Admittedly, while Social Security tax maxes out at $87,000 of income (2003 ceiling), the Medicare tax of 2.9 percent (half paid by employee, half by employer, all by the self-employed) is a flat tax with no ceiling. It’s still not a progressive tax. Million-dollar earners are paying $29,000 toward Medicare–a big number to be sure. But consider this: According to distinguished Canadian health economist Robert Evans, the top decile of income earners in Canada are spending on average 10 percent of their total income to support the health system in Canada through progressive general taxation. There are actually a few million-dollar earners in Canada such as Wayne Gretzky, Jim Carrey, William Shatner and Michael J. Fox (most of whom actually pay taxes in the United States–but play along with me for purposes of exposition). Those same million-dollar Canadian earners would pay about $100,000 toward the Canadian Medicare system. Admittedly, they don’t have to pay any health premiums, just taxes. So for the sake of fairness, you have to add to the American executive’s bill about $10,000 in premiums for a family (nice coverage too). Bearing in mind it’s a tax-free benefit, and while it really is part of total compensation, many folks think health care provided by their employer is free. Suppose also that there is some portion of general taxation earmarked for health care purposes like Medicaid–let’s say 2 percent of earnings (or $20,000). We’re still only at $59,000.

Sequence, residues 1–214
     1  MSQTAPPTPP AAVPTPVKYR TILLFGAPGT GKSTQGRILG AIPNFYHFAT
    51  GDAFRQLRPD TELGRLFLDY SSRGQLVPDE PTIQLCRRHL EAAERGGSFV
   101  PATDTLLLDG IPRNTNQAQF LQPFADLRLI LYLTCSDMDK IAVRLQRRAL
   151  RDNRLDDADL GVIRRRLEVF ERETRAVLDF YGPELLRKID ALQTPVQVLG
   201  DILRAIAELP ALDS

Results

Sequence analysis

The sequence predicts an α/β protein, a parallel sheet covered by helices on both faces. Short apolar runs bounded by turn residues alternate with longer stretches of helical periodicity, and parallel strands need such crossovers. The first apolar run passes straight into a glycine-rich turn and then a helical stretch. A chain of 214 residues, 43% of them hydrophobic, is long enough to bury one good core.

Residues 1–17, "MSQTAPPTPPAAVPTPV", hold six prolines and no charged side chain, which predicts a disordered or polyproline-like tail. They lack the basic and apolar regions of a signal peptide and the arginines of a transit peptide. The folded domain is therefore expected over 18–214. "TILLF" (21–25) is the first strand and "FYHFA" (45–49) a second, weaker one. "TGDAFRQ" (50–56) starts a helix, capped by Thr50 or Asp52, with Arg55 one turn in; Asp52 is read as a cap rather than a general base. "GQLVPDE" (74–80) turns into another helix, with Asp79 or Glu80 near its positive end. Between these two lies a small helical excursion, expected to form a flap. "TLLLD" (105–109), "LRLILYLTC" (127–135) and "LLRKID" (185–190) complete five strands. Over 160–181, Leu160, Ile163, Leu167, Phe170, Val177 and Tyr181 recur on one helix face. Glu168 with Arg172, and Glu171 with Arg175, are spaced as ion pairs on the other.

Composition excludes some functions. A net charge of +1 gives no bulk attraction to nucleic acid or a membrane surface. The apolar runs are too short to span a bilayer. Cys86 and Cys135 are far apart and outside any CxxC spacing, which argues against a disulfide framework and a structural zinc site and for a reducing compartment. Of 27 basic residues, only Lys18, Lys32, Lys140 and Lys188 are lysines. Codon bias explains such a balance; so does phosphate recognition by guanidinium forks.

Remember that Canadians spend 10 percent of the GDP on health care, a number that has been flat throughout Chretien’s terms as prime minister (ironically because rich Canadians wanted a tax cut, which meant constraining the total health budget). We in the United States spend close to 15 percent of the GDP. So it is logical to assume that Canadian-style progressive tax financing (even using American top rates of tax, which are not that much different) would create a tax burden for the hypothetical rich American in a single payer system of about $150,000 as opposed to the $59,000 they currently pay. This is crude analysis; I’d love to see a real policy wonk do it properly. It’s hard to figure out. But do you know who has figured it out? Rich people. That’s why the rich are more likely to vote Republican, and more likely to be against single-payer policies (unless they are rich people from Boston, New York, Seattle or San Francisco–the civilized world as we now know it).